Mon Dec 09 02:53pm EST
Apparently Barry Bonds' $25 million Beverly Hills mansion hasn't been dazzling potential buyers since it went on the market last January. Now the ex-MLB slugger has reduced the price by $1.5 million.
Poor Barry. Can't get into the Hall of Fame on his first try, can't sell his house. It is a nice crib too — 17,100-square-foot of nice, in fact. Here's how Realtor.com describes it:
Bonds’ enormous mansion is one of his finest home runs, which is saying something considering he hit 762 bombs over the course of his career. Beyond its sheer size — Bonds expanded the compound-estate by 5,500 square feet after buying it — the Hall of Fame property is flush in the finer things of life.
Mon Dec 09 02:32pm EST
LAKE BUENA VISTA, Fla. — He might have been better off ignoring it, but Seattle Mariners general manager Jack Zduriencik responded to a story in the Seattle Times that sometimes brutally questioned his qualifications and abilities to run a baseball team.
Zduriencik released a statement and later talked to reporters at the winter meetings Monday, addressing assertions made by former manager Eric Wedge and another former Mariners employee who said the M's front office was plagued by "total dysfunction and a lack of leadership."
In replying, Zduriencik attempts to paint Wedge as being disgruntled at not being given a contract extension. He did not address an assertion by Tony Blengino, his former top assistant, that Zduriencik misled the M's about a key part of his resume.
Here's the total statement by Zduriencik:
Mon Dec 09 02:03pm EST
This is The Stew's running list of trades and signings that happen during baseball's winter meetings. We'll keep updating this post as the news happens. For more chatter and rumors, be sure to check out our winter meetings tracker.
Marlins sign ex-Pirate Garrett Jones for $7.75 million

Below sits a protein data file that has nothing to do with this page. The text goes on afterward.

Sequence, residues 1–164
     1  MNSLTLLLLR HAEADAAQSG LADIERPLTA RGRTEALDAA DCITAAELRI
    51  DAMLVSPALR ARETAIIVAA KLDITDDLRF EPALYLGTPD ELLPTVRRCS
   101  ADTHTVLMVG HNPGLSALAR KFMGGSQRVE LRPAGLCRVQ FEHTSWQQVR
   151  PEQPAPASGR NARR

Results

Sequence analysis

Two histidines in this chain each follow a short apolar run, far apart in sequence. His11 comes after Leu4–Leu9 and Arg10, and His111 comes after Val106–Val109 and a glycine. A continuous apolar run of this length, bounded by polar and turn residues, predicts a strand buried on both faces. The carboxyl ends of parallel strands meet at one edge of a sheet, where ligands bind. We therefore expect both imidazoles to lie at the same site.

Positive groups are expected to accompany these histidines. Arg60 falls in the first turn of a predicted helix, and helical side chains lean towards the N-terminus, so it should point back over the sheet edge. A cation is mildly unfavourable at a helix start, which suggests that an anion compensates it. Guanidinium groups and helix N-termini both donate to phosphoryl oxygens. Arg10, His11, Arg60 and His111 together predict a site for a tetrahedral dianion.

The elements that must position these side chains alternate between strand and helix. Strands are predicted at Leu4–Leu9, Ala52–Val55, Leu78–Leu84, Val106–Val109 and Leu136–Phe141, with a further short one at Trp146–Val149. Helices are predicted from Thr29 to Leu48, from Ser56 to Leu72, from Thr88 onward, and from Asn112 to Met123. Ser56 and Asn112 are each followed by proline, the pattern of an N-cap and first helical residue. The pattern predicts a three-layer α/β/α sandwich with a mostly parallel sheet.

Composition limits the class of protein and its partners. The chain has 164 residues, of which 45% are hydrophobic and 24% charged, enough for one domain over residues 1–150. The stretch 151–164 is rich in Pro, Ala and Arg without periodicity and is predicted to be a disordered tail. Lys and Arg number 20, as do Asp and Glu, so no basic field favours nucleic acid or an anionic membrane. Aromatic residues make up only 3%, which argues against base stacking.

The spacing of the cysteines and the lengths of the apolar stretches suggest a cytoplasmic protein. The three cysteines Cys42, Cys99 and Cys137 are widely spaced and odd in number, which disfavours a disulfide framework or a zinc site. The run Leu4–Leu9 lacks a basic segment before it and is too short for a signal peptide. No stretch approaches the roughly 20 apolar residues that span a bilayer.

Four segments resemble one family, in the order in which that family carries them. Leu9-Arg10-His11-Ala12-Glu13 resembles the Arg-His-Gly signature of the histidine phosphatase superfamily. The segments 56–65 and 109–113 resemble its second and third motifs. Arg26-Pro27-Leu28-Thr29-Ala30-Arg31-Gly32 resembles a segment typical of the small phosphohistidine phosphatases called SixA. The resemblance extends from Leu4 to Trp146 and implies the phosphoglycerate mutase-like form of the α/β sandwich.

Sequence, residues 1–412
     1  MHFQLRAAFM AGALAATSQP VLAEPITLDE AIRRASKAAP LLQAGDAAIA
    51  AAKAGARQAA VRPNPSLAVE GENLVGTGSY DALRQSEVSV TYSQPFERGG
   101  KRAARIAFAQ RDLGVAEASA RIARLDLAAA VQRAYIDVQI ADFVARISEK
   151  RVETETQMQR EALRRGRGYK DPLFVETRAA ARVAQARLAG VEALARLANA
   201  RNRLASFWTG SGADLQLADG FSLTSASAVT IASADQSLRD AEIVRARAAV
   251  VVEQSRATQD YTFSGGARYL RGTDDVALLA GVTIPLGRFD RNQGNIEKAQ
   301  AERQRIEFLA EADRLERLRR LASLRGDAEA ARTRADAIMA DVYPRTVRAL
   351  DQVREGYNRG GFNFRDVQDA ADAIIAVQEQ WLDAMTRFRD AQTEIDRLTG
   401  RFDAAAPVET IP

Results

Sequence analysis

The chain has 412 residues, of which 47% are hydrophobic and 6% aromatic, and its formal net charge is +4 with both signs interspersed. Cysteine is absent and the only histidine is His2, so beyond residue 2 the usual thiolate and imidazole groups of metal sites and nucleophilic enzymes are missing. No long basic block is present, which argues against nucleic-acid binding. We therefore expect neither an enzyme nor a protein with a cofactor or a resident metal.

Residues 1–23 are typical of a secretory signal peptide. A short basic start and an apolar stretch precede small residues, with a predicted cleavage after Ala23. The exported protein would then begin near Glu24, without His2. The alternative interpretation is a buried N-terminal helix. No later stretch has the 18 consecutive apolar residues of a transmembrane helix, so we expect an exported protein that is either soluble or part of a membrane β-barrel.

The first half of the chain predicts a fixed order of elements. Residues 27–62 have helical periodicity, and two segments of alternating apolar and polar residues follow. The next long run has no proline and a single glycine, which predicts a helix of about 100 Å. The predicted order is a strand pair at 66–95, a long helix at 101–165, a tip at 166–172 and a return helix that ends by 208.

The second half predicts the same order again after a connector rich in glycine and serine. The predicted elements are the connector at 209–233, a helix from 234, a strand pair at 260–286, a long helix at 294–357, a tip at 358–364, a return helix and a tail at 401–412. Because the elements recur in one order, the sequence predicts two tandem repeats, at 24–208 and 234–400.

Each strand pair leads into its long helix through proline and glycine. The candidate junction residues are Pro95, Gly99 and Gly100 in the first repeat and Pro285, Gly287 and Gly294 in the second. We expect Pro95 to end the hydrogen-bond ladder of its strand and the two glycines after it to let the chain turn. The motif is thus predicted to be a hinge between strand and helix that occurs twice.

The first signing of the Winter Meetings isn't the sexiest. It's not even all that surprising. But here it is: First baseman/outfielder Garrett Jones has agreed to join the Miami Marlins on a two-year, $7.75 million contract. The two had been lined up as match since last week, but now it's legit. Clark Spencer of the Miami Herald gave us the financials.
Mon Dec 09 01:18pm EST
LAKE BUENA VISTA, Fla. — Chris Sale is no Michael Jordan, says Chicago White Sox owner Jerry Reinsdorf. But don't put too much into a rumor that Sale might be traded by the White Sox here at baseball's winter meetings or later in the offseason.
Ken Rosenthal of Fox Sports said other teams are "pushing" the White Sox to discuss Sale, an All-Star the past two seasons who finished fifth in Cy Young voting after posting a 3.07 ERA and 226 strikeouts in 214 innings in 2013.
A few minutes after the announcement Monday morning that Tony La Russa, Joe Torre and Bobby Cox had been elected to baseball's Hall of Fame, Reinsdorf — who gave La Russa his start in the major leagues in 1979 — was cornered about the Sale talk.
"I just heard that rumor. I only had one player in my 33 years of sports that couldn't be traded. He wore No. 23 — and 45 when he played baseball," Reinsdorf said, referring to Jordan, who famously played for Reinsdorf's Chicago Bulls in the NBA and Chicago White Sox in the minor leagues.